7:05 Paul is obsessed with this concept. He shows us a few videos of pedestrians getting kicked like footballs across intersections when drivers insist on having the right of way. Cars full of people also fly by, airborne, hit by other drivers utilizing their right of way. “Do NOT enter an intersection until it is clear and safe to do so!” Paul pauses, looking around. “When should you enter an intersection?” he asks.
When it is clear and safe to do so, we respond.
7:30 Paul lets us out on break. We herd to the restrooms across the halls, then herd back.
7:45 “Assume everyone on the road is drunk!” Paul barks. Some of us shift in our seats and glance around. Must we assume this? Was it you? “Your driver’s license is a guest pass, folks. A guest pass. Driving is not a right. You don’t even have the right of way.”
I feel like I’ve backed over my own child instead of driving 12 miles over the speed limit in the desert north of town.
I tiny-whisper to the girl sitting next to me, “What’d you do?”
She was going 11 over.
Paul sees us whispering. “Girls! Under what circumstances should you enter an intersection?”
“When it is clear and safe to do so, sir!” I say.
Paul seems pleased. “You understand what I’m driving at then. Stay out of a crash.”
8:15 Paul is angry again, even though our smart-aleck State Farm rep has apologized for popping off. We all gave Paul our money orders long ago and have already seen fiery crashes, people obviously getting killed. We are wondering what more Paul wants. Somebody else tests him: “So are we supposed to be clairvoyant or what?”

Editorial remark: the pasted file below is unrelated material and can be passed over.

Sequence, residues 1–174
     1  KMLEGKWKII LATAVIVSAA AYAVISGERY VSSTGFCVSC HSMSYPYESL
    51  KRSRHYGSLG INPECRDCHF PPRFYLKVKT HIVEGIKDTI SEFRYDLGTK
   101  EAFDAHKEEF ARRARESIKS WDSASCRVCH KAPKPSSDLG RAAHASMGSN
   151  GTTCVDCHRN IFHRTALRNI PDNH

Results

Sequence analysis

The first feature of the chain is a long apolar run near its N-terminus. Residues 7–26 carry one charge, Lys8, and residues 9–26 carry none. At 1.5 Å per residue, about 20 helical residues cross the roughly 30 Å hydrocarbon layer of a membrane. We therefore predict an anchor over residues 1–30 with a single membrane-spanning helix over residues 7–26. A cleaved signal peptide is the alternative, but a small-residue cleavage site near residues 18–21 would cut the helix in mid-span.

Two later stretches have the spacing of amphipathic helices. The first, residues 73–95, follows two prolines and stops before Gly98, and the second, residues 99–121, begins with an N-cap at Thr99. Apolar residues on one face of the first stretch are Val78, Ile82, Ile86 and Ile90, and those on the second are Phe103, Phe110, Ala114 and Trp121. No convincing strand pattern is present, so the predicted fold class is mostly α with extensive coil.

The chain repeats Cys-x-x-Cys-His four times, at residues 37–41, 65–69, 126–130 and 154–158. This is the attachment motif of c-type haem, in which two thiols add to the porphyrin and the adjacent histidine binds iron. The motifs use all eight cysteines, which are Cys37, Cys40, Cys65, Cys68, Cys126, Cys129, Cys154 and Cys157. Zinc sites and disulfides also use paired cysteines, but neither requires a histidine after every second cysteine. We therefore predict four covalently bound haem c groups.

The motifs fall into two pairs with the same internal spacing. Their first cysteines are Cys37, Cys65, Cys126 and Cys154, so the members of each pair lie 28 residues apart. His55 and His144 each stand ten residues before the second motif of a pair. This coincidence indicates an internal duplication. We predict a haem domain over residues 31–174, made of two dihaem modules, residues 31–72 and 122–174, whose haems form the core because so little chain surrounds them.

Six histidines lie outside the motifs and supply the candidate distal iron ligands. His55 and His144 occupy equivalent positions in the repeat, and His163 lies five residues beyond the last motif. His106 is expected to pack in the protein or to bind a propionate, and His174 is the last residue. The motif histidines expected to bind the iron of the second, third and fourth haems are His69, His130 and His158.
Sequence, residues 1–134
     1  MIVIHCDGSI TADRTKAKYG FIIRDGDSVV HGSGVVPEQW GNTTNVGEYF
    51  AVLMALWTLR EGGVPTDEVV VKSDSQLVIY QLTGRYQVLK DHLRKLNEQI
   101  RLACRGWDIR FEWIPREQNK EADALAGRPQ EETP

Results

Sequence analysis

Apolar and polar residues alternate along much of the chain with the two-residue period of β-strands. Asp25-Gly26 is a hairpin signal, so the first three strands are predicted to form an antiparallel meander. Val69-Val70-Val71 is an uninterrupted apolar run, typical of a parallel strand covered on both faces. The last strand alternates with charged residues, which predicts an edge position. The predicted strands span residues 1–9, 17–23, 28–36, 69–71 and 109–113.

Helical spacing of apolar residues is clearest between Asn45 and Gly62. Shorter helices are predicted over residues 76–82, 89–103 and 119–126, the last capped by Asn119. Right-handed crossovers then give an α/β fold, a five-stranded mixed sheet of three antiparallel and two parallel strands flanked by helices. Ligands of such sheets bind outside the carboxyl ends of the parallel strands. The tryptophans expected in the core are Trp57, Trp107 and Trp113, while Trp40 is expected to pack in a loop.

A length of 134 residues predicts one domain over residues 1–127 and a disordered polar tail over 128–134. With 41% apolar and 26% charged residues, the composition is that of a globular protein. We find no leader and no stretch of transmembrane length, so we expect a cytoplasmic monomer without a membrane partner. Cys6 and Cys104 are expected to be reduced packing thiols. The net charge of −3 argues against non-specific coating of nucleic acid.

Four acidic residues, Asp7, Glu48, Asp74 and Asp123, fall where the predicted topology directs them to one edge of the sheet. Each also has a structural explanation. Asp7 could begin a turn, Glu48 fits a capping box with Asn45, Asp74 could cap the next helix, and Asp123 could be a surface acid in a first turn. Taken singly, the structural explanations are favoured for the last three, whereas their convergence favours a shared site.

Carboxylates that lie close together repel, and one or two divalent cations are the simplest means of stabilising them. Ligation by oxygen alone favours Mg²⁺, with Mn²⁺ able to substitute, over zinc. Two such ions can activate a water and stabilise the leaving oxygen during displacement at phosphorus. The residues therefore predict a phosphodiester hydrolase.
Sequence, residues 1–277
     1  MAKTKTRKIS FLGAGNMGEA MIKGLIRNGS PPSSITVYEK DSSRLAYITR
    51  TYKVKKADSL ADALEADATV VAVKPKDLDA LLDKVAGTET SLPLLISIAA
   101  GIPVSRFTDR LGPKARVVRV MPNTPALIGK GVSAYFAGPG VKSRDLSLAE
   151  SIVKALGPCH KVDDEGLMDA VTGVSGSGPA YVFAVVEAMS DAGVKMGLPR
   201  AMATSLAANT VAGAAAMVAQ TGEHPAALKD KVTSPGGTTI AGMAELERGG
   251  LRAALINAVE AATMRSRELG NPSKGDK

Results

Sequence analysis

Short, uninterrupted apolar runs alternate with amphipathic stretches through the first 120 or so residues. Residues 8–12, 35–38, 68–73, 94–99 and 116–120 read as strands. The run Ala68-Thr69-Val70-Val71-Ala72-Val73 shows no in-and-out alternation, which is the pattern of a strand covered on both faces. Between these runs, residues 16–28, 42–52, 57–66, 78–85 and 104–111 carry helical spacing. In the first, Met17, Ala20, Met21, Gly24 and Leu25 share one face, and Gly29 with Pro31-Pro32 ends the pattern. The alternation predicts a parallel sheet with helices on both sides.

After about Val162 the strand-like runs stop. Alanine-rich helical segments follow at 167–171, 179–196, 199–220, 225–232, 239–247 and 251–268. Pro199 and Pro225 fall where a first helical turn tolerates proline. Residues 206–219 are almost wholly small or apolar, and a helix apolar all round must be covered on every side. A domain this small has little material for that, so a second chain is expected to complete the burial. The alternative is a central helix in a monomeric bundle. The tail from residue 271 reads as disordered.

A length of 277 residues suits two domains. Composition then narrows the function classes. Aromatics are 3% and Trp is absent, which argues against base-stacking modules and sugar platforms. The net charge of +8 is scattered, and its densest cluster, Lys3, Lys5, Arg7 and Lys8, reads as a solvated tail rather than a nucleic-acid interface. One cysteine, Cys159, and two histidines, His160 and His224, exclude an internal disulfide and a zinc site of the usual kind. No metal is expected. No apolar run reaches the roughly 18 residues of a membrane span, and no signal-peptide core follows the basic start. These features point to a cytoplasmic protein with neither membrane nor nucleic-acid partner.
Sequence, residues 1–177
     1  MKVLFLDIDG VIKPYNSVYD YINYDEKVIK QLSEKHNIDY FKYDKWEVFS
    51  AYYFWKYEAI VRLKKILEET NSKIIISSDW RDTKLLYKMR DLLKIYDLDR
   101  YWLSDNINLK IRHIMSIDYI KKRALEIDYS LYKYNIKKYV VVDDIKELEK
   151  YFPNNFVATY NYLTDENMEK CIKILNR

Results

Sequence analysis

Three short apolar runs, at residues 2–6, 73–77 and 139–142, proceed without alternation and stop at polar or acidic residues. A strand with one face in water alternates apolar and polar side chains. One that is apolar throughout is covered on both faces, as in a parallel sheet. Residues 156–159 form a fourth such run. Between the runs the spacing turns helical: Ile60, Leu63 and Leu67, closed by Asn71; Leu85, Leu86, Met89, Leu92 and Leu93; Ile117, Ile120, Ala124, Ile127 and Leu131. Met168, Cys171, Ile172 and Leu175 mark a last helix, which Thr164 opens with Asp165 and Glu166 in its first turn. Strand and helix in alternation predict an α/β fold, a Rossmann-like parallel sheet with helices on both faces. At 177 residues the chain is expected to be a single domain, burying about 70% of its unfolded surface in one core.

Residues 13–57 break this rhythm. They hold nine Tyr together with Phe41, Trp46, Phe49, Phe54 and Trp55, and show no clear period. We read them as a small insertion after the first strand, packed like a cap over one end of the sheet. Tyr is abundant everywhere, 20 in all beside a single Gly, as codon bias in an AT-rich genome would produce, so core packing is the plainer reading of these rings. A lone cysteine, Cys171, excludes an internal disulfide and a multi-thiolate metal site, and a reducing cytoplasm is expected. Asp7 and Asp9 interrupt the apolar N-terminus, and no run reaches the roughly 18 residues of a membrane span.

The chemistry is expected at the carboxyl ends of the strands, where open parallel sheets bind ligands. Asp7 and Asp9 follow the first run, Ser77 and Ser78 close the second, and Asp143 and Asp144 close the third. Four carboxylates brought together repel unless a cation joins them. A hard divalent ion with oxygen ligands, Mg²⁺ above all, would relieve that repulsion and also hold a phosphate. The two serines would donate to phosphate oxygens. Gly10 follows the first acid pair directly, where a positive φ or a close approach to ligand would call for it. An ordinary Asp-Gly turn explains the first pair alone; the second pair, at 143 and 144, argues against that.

Paul shrugs like only Paul can do, gazing at all of us and each of us. “If that’s what it takes to stay out of a crash.” He picks his teeth with a fingernail, as if he eats.
9:15 “Getting a DUI in Arizona will cost you dearly,” Paul tells us. Obviously some of us know that, but some of us don’t. Some of us cringe; some of us perk up. Everybody likes to hear a good DUI story, but all Paul does is click and point to the offenses and penalties, projected for us on the wall. Apparently getting a DUI in Arizona is equivalent to attempted murder. “A DUI in Arizona will cause a gaping hole in your life for five years at the very least,” Paul intonates, reminding me of a priest in front of his parishioners.
I thought murder would get you more than that.
9:30 We all cringe as Paul gears up to show the videos again—the fat cab driver falling asleep behind the wheel, a pedestrian getting punted from the crosswalk to a boulevard, a speeding car caught on camera running a red light and missing two cars plus a mother and her children in the crosswalk by the grace of God. I am talking a split second. It’s an amazing video, the best part of the class.
We’re entranced again by other people’s stupidity and selfishness.
9:45 We know that the class is almost over, but nobody makes a move to leave. “Anger is temporary insanity,” Paul tells us. “We have to be the adults on the road, gracious on the road. Do we think that shaving five minutes or three minutes off a commute is going to make a difference? Me first, me first…are we caught up in a mindless race?” Paul pauses. “We’ve been swept up in a mindless fantasy, folks. A mindless fantasy.”
I line up to collect my certificate of completion, then ride the elevator down three floors to the parking lot, where my car gently weeps.
Three days later these words leave my mouth: “I think everyone should have to take this class every four years or as often as it takes to get it through their head that they should not enter an intersection, or even a relationship, until it’s clear and safe to do so.”
Such an easy convert.